They knew the Delano house far too well. It was where Christian Philip Oberender, then 14 years old, had murdered his mother in a shotgun ambush in the family rec room in 1995.
Now, 18 years later, Carver County Sheriff Jim Olson was sending his deputies back to the home where Oberender still lives. Just two days earlier, Olson had scanned the day's shift reports and froze when he tripped over Oberender's name. A scan of a Facebook page then showed firearms spread out like a child's trophies on a bed inside the home, along with notes about the Newtown, Conn., gunman who shot 20 children to death.
What Olson's deputies found in the home was chilling: 13 guns, including semi-automatic rifles, an AK-47, a Tommy gun, assorted shotguns and handguns, including a .50-caliber Desert Eagle.
Even more disturbing was the letter Oberender had written recently to his late mother, Mary: "I am so homicide,'' it said in broken sentences. "I think about killing all the time. The monster want out. He only been out one time and someone die.''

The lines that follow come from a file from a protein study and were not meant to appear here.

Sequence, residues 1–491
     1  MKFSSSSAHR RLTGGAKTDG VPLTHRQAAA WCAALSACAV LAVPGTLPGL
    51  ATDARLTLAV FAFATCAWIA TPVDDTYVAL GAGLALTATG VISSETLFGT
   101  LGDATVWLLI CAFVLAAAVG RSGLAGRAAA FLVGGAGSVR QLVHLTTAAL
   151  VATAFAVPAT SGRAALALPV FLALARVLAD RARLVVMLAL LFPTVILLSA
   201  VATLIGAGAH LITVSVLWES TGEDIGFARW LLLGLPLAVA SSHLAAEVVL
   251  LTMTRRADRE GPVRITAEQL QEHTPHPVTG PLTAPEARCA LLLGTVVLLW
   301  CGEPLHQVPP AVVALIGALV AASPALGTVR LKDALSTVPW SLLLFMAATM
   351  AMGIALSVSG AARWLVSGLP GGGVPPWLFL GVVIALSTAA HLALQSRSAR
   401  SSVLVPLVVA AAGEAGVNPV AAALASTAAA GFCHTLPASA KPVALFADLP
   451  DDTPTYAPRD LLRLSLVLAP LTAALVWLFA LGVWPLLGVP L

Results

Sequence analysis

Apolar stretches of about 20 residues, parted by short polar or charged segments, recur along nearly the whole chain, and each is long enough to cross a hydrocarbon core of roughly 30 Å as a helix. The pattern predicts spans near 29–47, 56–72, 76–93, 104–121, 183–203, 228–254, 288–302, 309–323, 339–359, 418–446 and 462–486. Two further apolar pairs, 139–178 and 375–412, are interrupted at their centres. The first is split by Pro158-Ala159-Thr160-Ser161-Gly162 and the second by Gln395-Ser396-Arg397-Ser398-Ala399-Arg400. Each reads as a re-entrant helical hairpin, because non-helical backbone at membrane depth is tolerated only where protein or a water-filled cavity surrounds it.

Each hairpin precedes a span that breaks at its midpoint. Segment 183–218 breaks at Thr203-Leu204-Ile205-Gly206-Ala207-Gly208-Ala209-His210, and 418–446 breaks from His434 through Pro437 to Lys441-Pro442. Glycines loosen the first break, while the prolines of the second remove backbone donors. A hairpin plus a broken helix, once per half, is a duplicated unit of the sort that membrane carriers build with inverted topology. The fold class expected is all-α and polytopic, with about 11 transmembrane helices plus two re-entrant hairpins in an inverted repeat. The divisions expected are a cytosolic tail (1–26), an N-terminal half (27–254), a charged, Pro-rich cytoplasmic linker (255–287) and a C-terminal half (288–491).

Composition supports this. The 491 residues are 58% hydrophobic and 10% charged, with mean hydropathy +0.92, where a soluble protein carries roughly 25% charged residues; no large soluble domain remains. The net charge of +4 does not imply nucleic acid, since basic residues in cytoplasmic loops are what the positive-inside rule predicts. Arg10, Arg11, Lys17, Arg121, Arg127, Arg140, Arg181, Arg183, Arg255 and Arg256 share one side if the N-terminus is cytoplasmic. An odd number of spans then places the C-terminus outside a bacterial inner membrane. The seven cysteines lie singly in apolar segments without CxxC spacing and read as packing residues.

Today, Oberender sits in a Carver County jail cell on a charge of being a felon in possession of firearms. And Olson, who investigated the 1995 murder as a young detective, finds his investigators at the center of a case that exposes the dangerous loopholes in the nation's gun laws and Minnesota's system of criminal background checks.
Even though Oberender killed his mother with a firearm, even though he was committed to the state hospital in St. Peter as mentally ill and dangerous more than a decade ago, he was able to obtain a permit to purchase firearms last May. That piece of paper gave Oberender, now 32, the ability to walk into any licensed Minnesota retailer and buy any assault weapon or pistol on the rack.
Dozens of other Minnesotans judged by a court to be mentally ill have also found that designation no barrier to obtaining deadly weapons.Perverse.